As a tag-along to the small and relatively short-lived Eliquis MDL, the U.S. Second Circuit Court of Appeals affirmed the MDL Court’s denial of various motions to remand to State Court where a home-state defendant had been sued, but not served, at the time of removal.  “While it might seem anomalous to permit a defendant sued in its home state to remove a diversity action, the language of the statute cannot be simply brushed aside. Allowing a defendant that has not been served to remove a lawsuit to federal court does not contravene Congress’s intent to combat fraudulent joinder. In fact, Congress may well have adopted the ‘properly joined and served’ requirement in an attempt to both limit gamesmanship and provide a bright-line rule keyed on service, which is clearly more easily administered than a fact-specific inquiry into a plaintiff’s intent or opportunity to actually serve a home-state defendant.”

The Court also affirmed the dismissal of the various complaints based on Federal Preemption.  “To state a claim for failure-to-warn that is not preempted by the FDCA, a plaintiff must plead a labeling deficiency that Defendants could have corrected using the CBE regulation. If the plaintiff meets that standard, the burden shifts to the party asserting a preemption defense to demonstrate that there is clear evidence that the FDA would not have approved a change to the prescription drug’s label….  Plaintiffs’ claims here fail at the first step because they consist of conclusory and vague allegations and do not plausibly allege the existence of newly acquired information that could have justified Defendants’ revising the Eliquis label through the CBE regulation. For example, the operative complaint alleges that ‘before and after marketing Eliquis, Defendants became aware of many reports of serious hemorrhaging in users of their drugs’ and that ‘numerous studies published after Eliquis’ approval in 2012 confirm the problematic bleeding events associated with Eliquis. However, for these reports and studies to constitute newly acquired information, as the term is defined in 21 C.F.R. §314.3(b), they must have revealed risks of a different type or greater severity or frequency than previously included in submissions to the FDA. As the district court observed, the complaint provides no basis upon which the court could conclude that the bleeding events covered by the alleged reports and studies presented a different type of risk than those the company had discussed with the FDA, or were more severe or more frequent than bleeding events that the government already knew about.”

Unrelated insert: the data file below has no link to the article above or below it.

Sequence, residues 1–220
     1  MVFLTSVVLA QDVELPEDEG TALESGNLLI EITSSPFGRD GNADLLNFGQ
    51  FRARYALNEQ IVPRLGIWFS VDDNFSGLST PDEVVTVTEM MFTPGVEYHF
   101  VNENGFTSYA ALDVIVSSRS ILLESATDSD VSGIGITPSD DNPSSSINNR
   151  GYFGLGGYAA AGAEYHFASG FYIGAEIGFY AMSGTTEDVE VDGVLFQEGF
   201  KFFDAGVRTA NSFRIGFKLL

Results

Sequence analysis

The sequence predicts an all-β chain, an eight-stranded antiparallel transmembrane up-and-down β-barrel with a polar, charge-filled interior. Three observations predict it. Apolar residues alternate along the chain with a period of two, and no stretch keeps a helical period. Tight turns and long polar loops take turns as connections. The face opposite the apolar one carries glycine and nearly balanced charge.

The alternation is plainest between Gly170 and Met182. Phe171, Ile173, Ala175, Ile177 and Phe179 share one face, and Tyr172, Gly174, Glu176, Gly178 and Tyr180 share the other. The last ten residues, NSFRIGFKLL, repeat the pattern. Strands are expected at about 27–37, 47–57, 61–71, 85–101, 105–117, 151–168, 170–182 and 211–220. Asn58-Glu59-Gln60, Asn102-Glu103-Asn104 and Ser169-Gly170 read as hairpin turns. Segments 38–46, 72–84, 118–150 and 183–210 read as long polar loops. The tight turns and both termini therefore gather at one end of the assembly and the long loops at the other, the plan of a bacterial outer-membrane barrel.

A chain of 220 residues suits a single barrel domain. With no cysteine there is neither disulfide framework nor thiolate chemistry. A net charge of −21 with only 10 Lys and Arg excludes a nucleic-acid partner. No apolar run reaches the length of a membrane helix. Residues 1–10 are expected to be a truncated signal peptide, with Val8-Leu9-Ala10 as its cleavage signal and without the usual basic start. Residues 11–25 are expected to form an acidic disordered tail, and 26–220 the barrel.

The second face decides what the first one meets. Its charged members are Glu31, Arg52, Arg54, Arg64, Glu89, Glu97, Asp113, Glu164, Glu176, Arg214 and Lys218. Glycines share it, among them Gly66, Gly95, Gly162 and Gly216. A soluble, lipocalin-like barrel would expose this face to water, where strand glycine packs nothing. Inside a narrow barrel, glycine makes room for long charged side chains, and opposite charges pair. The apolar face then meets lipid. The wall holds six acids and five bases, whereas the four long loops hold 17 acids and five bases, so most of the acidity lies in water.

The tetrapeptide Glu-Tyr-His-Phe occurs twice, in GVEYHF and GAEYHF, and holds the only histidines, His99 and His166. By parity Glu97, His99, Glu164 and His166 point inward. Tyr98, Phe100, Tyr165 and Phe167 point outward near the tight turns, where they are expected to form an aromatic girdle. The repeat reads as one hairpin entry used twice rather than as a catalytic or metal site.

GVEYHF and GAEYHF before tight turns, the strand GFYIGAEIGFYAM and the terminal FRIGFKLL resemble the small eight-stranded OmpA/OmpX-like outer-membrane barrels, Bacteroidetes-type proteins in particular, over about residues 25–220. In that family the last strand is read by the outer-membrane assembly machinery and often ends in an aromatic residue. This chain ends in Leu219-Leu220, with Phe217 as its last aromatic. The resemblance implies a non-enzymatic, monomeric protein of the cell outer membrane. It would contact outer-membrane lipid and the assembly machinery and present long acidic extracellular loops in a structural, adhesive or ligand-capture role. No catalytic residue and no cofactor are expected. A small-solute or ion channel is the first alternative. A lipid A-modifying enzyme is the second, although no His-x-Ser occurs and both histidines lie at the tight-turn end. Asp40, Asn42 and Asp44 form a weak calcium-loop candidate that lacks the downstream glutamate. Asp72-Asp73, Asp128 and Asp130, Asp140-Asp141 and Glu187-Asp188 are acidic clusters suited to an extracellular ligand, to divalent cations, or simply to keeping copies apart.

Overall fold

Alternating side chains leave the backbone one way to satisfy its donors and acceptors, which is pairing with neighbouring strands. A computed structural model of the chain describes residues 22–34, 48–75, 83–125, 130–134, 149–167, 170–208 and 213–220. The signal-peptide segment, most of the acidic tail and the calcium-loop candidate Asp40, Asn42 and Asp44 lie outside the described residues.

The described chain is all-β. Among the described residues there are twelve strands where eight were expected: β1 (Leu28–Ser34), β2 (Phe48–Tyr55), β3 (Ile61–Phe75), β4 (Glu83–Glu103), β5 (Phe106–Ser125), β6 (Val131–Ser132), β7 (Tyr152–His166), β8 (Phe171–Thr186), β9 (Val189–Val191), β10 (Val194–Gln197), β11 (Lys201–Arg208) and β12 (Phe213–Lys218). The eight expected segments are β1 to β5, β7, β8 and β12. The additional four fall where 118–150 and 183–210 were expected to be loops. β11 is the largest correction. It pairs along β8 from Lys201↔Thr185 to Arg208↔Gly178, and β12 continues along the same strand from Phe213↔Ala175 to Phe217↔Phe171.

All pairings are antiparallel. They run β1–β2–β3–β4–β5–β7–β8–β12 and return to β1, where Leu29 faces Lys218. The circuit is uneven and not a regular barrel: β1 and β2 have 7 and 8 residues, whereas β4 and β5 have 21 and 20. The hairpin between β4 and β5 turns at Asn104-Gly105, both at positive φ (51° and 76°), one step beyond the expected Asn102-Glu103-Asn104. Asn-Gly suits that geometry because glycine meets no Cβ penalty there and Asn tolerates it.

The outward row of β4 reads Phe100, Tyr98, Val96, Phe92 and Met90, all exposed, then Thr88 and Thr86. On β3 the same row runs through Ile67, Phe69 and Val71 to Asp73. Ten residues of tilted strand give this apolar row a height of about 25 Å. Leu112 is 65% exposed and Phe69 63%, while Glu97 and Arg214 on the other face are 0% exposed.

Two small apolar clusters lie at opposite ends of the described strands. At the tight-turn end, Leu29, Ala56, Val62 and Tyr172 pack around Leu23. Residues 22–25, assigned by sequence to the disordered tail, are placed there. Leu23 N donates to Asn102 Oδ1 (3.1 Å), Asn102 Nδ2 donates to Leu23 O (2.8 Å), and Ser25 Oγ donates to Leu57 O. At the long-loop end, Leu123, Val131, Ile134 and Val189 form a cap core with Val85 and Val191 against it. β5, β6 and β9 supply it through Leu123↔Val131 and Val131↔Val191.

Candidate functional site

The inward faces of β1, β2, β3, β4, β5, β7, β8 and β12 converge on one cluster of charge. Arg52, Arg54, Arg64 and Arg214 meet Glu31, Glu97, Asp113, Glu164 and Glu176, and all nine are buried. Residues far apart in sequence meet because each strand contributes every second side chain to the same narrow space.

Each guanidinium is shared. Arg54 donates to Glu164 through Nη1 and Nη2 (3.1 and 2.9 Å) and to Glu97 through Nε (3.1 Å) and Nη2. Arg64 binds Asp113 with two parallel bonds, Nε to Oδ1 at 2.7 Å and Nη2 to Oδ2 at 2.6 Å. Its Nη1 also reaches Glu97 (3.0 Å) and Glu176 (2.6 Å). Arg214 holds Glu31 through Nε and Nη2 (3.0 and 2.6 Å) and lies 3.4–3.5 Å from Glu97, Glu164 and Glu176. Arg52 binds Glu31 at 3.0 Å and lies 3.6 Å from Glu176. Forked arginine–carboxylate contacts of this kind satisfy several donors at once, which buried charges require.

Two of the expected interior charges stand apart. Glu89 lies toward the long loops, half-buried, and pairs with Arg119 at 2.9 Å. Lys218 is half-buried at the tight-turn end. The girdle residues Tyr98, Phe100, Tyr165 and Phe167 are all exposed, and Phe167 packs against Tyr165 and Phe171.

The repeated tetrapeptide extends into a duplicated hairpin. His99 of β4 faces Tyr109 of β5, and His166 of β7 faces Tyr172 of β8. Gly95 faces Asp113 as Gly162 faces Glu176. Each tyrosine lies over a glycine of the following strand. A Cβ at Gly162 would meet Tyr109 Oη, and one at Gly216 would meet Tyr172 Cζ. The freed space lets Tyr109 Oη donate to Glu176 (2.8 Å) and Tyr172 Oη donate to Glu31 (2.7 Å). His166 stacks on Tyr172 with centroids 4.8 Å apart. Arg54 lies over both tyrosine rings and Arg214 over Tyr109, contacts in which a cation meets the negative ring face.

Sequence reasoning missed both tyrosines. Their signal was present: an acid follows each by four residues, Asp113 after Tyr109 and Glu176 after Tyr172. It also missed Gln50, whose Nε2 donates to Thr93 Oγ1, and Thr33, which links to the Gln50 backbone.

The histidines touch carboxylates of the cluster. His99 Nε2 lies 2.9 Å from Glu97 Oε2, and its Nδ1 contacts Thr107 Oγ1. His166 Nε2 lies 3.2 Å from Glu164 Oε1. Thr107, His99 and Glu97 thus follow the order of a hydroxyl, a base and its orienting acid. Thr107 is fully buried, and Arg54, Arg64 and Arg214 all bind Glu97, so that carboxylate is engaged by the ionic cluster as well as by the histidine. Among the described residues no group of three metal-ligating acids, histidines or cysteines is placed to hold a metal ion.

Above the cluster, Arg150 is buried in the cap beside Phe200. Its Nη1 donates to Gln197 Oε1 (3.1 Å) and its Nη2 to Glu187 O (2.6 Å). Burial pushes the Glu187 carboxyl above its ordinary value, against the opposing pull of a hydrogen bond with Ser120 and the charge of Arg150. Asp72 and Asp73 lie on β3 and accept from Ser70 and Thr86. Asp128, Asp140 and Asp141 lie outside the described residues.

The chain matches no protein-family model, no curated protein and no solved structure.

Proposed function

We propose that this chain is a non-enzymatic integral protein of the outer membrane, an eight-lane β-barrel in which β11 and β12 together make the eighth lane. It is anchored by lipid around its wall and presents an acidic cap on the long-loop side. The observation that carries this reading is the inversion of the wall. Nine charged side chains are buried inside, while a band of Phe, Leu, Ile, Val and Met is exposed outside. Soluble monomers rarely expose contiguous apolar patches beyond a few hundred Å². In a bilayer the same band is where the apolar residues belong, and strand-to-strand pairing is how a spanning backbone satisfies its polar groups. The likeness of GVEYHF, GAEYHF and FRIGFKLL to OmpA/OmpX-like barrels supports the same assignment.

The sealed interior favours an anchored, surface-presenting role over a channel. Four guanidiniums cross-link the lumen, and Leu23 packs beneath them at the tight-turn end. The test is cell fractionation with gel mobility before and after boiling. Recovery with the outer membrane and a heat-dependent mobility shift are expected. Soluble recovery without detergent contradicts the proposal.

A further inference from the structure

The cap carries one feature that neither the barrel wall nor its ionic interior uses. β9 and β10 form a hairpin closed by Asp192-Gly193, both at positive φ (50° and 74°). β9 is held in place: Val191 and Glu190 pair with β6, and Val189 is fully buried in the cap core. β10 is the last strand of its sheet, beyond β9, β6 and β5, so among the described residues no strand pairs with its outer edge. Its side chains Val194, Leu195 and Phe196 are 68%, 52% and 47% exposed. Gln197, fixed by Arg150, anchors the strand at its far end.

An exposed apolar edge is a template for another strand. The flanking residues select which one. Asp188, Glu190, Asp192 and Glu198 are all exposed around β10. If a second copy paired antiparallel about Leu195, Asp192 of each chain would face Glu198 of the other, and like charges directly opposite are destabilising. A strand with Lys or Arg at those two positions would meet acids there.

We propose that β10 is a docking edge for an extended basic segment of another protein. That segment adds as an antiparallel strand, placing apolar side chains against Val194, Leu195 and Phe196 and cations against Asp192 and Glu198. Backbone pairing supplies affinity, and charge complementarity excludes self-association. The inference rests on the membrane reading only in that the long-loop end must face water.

Gibbons v. Bristol-Myers Squibb Company, No.17-2638, 2019 WL 1339013 (2nd Cir. March 26, 2019).